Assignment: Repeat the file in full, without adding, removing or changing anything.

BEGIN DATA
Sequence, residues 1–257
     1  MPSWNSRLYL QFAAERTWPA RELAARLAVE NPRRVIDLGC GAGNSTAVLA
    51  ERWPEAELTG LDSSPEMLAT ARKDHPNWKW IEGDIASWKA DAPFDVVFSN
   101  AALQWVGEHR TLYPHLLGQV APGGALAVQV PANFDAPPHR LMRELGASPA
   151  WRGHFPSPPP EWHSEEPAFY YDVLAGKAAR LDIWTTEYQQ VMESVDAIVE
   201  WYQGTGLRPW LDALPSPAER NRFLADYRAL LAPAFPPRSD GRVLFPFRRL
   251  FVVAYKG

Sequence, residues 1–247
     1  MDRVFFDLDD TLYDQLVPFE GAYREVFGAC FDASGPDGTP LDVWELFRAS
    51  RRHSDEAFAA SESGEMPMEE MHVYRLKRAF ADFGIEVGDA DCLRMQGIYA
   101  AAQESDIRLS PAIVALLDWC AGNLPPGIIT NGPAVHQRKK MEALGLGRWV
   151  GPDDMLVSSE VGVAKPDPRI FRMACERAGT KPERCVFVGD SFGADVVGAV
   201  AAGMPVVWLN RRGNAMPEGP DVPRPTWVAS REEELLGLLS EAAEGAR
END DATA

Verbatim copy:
Sequence, residues 1–257
     1  MPSWNSRLYL QFAAERTWPA RELAARLAVE NPRRVIDLGC GAGNSTAVLA
    51  ERWPEAELTG LDSSPEMLAT ARKDHPNWKW IEGDIASWKA DAPFDVVFSN
   101  AALQWVGEHR TLYPHLLGQV APGGALAVQV PANFDAPPHR LMRELGASPA
   151  WRGHFPSPPP EWHSEEPAFY YDVLAGKAAR LDIWTTEYQQ VMESVDAIVE
   201  WYQGTGLRPW LDALPSPAER NRFLADYRAL LAPAFPPRSD GRVLFPFRRL
   251  FVVAYKG

Sequence, residues 1–247
     1  MDRVFFDLDD TLYDQLVPFE GAYREVFGAC FDASGPDGTP LDVWELFRAS
    51  RRHSDEAFAA SESGEMPMEE MHVYRLKRAF ADFGIEVGDA DCLRMQGIYA
   101  AAQESDIRLS PAIVALLDWC AGNLPPGIIT NGPAVHQRKK MEALGLGRWV
   151  GPDDMLVSSE VGVAKPDPRI FRMACERAGT KPERCVFVGD SFGADVVGAV
   201  AAGMPVVWLN RRGNAMPEGP DVPRPTWVAS REEELLGLLS EAAEGAR